“Fat Loss Happens on Monday” – by Josh Hillis and Dan John. A book for trainers who want to help their clients lose weight. The main takeaway: having a food log is 95% of your nutritional success.
The Carnivore Diet by Dr. Shawn Baker – is an interesting thesis about optimal (and optimally ethical) human nutrition.
Carnivore Code by Dr. Paul Saladino – a more in-depth version of the above.
The Primal Blueprint by Mark Sisson – basic healthy eating and movement starter guide.
The Rules of Normal Eating and The Food and Feelings Workbook by Karen R. Koenig et. al. – are great books for overcoming emotional, compulsive, and mindless eating habits.
The Chimp Paradox by Prof Steve Peters – is an extremely useful and easy-to-understand mind-management concept, with step-by-step implementation.
12 Rules for Life: an Antidote to Chaos by Dr. Jordan B. Peterson – a book on how to build an unshakable character, become emotionally mature, improve resilience and create a life of value.
The Power of Less by Leo Babauta – an essential book for living a more meaningful and less scattered life.
Deep Work and Digital Minimalism by Cal Newport – how to achieve better focus, produce quality work and live more meanindfully in our distracted world.
How to Be an Imperfectionist by Stephen Guise
The Craving Mind by Dr Judson Brewer
The Subtle Art of Not Giving a F*ck by Mark Manson – is a book about how to care for the things that matter.
Beautiful Practice by Frank Forencich – a book on how to honor your life
Harden Up by Felix Economakis – a book on resilience
How I Found Freedom in a Non-Free World by Harry Browne – a book on how to take control of things that are controllable and stop blaming the world.
The Compound Effect by Darren Hardy – is a book on how small everyday choices build up to huge outcomes.
Man’s Search for Meaning by Viktor E. Frankl – is a book everyone must read, period.
How to Have Impossible Conversations: A Very Practical Guide by Peter Boghossian and James Lindsay – is a book the value of which is hard to overstate in our modern times. A book on how to talk with people you disagree with, and still be both friendly and civil. In order words, a book that will probably help save human civilization.
Sapiens by Yuval Noah Harari – is an interesting thesis about the nature of human beings
The Righteous Mind: Why Good People are Divided by Politics and Religion – by Jonathan Heidt – a must-read for anybody wanting an understanding of human nature and how harnessing it can create a more united and peaceful society.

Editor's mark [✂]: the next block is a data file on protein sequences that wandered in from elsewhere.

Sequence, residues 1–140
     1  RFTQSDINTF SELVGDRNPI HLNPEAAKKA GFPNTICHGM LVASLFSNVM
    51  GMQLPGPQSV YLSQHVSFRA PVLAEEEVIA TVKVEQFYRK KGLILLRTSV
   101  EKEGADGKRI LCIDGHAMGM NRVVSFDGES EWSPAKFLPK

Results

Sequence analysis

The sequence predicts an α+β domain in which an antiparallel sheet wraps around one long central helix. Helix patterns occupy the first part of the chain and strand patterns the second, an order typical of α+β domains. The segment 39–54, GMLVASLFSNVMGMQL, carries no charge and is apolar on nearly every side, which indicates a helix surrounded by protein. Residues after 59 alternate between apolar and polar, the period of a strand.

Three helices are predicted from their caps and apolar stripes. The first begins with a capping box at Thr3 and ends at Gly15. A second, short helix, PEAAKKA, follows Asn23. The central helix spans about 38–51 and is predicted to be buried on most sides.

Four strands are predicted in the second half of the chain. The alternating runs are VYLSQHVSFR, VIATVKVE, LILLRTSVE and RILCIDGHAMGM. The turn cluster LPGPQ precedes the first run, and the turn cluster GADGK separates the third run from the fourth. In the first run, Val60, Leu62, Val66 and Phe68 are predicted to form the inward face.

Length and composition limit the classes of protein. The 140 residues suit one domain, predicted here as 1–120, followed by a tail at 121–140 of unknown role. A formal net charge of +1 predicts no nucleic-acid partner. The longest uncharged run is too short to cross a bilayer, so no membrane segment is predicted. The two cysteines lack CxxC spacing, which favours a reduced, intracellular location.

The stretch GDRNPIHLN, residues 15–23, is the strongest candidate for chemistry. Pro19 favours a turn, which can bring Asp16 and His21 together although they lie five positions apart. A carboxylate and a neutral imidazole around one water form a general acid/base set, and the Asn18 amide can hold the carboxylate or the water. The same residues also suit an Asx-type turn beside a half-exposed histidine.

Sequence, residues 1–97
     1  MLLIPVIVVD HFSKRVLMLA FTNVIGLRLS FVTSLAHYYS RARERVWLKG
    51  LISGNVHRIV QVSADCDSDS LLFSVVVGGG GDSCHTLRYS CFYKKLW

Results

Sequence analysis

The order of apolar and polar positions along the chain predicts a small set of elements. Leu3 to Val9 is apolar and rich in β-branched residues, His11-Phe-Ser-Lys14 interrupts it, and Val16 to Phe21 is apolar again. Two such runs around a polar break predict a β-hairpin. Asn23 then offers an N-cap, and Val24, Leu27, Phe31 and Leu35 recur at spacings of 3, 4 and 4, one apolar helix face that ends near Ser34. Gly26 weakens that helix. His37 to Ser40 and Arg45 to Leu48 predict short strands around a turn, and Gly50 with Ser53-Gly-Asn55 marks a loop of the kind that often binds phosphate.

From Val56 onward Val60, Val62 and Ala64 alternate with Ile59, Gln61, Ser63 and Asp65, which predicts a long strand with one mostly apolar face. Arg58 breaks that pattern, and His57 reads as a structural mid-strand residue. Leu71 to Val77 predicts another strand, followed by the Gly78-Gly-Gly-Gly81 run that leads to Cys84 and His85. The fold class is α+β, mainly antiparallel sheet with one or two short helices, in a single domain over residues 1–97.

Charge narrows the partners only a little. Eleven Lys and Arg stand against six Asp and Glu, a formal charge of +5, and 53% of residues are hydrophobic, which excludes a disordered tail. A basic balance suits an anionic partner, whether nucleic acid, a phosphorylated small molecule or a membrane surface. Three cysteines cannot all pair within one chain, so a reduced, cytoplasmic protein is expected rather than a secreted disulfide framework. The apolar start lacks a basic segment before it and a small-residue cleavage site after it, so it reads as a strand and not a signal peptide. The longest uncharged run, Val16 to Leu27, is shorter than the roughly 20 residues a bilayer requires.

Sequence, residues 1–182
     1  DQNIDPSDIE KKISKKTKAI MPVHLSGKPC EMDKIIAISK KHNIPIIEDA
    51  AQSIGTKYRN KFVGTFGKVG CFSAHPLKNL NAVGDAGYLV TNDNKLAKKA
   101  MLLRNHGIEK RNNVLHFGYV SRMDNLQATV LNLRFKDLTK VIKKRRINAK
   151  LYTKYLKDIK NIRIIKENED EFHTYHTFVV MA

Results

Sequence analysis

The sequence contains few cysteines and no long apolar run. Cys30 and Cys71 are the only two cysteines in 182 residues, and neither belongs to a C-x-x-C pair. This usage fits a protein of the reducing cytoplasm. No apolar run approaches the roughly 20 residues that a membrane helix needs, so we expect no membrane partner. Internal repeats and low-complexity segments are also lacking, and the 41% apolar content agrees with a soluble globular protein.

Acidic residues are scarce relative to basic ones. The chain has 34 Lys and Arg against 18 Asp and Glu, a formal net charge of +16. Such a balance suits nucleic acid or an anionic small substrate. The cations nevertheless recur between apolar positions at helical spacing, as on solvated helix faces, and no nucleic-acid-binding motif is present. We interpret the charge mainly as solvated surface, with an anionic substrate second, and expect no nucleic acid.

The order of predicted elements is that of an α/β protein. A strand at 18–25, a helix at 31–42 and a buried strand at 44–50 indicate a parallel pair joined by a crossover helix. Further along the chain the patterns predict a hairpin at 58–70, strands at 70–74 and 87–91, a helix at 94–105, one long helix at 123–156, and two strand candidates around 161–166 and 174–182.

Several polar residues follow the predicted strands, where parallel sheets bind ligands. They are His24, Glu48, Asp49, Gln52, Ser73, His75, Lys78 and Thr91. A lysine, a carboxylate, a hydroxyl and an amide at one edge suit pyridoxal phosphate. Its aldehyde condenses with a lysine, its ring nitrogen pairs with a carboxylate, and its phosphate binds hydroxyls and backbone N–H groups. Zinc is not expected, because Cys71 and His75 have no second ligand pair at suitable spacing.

The Coddling of American Mind by Jonathan Heidt and Greg Lukianoff – is a book about mental resilience and the lack of it perpetuated by modern institutions.
The Quest for Cosmic Justice by Thomas Sowell – a book about the origins, drives, temptations and outcomes of the Social Justice movement.
Democracy: the God that Failed by Hans Herman Hoppe. A book that will blow your mind.
Basic Economics by Thomas Sowell – perfect for beginners.
Knowledge and Decisions by Thomas Sowell – my favorite book by Dr Sowell.
Discrimination and Disparities by Thomas Sowell – a useful book for modern times.
(in fact, it’s very difficult to narrow down the recommended readings by Thomas Sowell. All of his books are of amazing value, but these three above relate directly to economics)
A Theory of Socialism and Capitalism: Economics, Politics, and Ethics by Hans Herman Hoppe
Human Action by Ludwig Von Mises – is a huge magnum opus, it isn’t for everyone, this book is the economics bible for those interested in the subject. It is LONG and very involved, but very worth a read if you want to understand the underlying principles of human action and economics. Beginners are better off starting with Thomas Sowell.
The Anti-Capitalistic Mentality by Ludwig Von Mises – Mises was a giant in understanding human behavior and motivation. This is a fascinating read.
Free Private Cities: Making Governments Compete for You by Titus Gebel – is one of the most enjoyable books I have ever read in my life. Educational to boot, but a total pleasure to read as well.
Universal Basic Income: For and Against by Anthony Sammeroff – a very short but essential book that offers a mini-lesson in economics alongside outlining the main pro- and against arguments.
Anatomy of the State by Murray N Rothbard – the difference between economics and politics. A somber book, but in my opinion, essential to read.